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What is Hospital At Home?

Updated: Mar 7




The hospital is often regarded as the sole beacon of health – the one environment

where patients and practitioners can tackle medical issues. But for some patients,

particularly those with acute conditions, the best place to receive care is within their own

home. This practice, called the Hospital-At-Home (HaH) model, can reduce expenses

and allow patients with specific treatment plans to find comfort in their medical journeys.


The History of Hospital-At-Home


While private and personal medicine has existed for centuries, this differs from the Hospital at Home model in that it is widely inaccessible. HaH is also distinct from patient

self-administration, as it merely shifts the setting, not the provider. In HaH programs,

hospital-level care is still provided through physician and nurse visits and other

elements of traditional medical centers.


One of the first HaH models in the United States emerged in 1995, as a project of Dr.

John Bueron of Johns Hopkins School of Medicine and Dr. Donna Regenstrief of The

John A Hartford Foundation. The two recognized the need for immediate and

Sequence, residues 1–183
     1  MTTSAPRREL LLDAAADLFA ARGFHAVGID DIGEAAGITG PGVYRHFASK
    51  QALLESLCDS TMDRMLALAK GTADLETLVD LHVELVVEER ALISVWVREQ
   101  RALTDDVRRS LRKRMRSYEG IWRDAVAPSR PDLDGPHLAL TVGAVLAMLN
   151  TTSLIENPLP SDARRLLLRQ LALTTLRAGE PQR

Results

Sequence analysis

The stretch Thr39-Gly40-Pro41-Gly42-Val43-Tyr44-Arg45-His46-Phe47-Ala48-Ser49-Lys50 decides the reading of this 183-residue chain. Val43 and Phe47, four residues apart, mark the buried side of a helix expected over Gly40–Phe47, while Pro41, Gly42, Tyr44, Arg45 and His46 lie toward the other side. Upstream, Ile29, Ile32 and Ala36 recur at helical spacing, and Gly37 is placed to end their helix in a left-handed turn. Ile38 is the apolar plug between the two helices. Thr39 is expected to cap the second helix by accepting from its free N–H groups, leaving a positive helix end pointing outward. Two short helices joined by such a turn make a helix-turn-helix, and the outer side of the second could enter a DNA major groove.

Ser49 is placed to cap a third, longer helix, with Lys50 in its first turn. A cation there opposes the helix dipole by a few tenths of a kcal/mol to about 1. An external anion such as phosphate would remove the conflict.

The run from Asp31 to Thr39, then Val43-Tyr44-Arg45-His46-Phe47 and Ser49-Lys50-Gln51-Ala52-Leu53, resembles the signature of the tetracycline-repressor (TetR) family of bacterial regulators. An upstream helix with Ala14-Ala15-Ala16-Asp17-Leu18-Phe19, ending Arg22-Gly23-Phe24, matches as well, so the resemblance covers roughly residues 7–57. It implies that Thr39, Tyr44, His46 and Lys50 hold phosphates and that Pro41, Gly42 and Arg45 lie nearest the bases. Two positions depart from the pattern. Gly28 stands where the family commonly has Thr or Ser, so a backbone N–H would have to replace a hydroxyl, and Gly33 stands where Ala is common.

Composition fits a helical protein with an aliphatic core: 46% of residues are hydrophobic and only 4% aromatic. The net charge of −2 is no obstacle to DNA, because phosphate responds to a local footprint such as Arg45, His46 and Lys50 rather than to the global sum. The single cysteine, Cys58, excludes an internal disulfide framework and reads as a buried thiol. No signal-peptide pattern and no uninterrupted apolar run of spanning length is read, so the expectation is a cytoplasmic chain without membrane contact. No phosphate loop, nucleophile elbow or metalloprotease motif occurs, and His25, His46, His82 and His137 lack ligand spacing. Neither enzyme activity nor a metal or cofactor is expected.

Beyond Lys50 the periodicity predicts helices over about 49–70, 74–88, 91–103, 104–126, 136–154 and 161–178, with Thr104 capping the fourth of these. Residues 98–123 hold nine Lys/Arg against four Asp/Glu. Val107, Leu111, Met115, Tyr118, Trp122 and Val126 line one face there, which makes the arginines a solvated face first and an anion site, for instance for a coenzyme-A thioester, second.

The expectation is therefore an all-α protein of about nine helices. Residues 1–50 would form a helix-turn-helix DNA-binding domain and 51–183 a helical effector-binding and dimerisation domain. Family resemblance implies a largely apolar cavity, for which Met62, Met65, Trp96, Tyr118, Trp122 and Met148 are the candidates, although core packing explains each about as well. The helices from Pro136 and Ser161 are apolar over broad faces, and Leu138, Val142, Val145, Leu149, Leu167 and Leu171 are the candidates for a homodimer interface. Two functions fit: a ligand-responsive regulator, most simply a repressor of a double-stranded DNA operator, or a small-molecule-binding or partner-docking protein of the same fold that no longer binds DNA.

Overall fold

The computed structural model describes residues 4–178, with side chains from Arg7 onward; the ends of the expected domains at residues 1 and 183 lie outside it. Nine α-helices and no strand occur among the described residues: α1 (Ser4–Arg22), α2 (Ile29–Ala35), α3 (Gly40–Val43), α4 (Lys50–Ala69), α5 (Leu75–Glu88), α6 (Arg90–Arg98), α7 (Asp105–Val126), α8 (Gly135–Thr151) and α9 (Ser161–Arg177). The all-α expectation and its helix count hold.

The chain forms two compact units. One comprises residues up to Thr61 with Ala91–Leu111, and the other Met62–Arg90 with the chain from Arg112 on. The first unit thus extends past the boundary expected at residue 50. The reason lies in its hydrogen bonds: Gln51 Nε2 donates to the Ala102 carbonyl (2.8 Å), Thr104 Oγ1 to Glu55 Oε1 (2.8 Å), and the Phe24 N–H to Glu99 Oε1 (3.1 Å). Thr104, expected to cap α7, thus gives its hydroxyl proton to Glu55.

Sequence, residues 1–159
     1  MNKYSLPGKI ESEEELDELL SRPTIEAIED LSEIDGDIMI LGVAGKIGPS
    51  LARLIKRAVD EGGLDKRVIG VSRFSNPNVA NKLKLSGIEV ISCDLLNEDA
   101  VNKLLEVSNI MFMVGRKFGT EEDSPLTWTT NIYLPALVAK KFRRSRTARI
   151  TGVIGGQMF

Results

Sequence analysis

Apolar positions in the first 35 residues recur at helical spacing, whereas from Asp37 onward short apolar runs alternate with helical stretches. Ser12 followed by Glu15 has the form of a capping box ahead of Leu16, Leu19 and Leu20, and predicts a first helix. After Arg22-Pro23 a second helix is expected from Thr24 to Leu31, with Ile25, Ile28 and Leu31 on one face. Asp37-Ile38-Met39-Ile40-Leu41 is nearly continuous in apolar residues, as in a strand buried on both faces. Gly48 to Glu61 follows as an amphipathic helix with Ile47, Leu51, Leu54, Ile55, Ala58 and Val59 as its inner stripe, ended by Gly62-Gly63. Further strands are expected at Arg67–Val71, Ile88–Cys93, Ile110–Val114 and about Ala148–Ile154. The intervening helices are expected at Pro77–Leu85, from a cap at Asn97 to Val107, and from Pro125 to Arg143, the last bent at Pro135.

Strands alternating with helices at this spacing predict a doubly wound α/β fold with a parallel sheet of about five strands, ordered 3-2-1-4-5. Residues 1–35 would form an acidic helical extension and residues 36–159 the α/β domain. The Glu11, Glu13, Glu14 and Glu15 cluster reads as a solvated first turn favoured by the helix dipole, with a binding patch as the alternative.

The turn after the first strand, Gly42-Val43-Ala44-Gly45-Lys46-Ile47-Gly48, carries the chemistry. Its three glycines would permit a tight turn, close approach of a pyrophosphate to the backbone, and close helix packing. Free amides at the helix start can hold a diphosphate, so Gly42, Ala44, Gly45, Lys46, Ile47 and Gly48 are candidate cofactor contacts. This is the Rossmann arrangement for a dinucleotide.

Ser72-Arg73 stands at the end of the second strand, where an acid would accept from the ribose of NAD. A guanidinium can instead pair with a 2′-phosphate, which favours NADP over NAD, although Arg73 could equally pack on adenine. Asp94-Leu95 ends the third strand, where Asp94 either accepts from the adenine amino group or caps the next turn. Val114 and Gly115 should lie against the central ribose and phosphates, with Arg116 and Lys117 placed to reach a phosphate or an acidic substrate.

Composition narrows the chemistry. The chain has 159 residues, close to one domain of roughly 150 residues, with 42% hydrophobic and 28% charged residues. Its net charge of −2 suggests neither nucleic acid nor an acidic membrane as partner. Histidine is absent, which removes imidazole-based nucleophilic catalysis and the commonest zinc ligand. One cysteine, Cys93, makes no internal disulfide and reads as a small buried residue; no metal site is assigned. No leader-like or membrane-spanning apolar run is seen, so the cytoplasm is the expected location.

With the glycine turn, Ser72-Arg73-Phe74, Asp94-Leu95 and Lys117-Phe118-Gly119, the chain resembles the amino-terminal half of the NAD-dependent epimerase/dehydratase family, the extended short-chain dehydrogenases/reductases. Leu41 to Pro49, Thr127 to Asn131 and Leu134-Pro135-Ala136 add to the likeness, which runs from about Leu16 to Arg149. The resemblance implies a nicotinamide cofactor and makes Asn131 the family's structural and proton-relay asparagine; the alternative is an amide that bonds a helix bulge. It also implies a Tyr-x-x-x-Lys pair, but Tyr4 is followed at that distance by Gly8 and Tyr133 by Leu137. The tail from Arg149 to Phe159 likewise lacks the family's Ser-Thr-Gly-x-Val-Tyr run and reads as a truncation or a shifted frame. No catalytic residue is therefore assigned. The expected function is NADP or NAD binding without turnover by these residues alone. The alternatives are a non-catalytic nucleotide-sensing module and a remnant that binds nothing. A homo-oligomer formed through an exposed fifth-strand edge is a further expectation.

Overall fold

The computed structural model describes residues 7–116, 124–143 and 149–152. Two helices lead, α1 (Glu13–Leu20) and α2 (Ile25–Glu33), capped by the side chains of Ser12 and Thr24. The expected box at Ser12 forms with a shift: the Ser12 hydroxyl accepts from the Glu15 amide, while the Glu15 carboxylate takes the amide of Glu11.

convenient care for select patients and the simultaneous danger of exposing such

patients to infections and other risks associated with hospitals. Their solution, an

integrated system” that offers “an alternative venue for patients requiring inpatient care,” “decompresses traditional hospitals to allow the sickest patients to be cared for

there.”



The Expansion of Hospital-At-Home


This opportunity rang particularly powerful during the COVID-19 pandemic. With limited

equipment, accommodations, and staff, hospitals were forced to find new avenues for

administering care. HaH programs posed a promising future. By isolating patients into

their homes, the HaH model safeguarded many patients from contracting the disease,

enabled these individuals to still receive care, and reserved hospital beds for those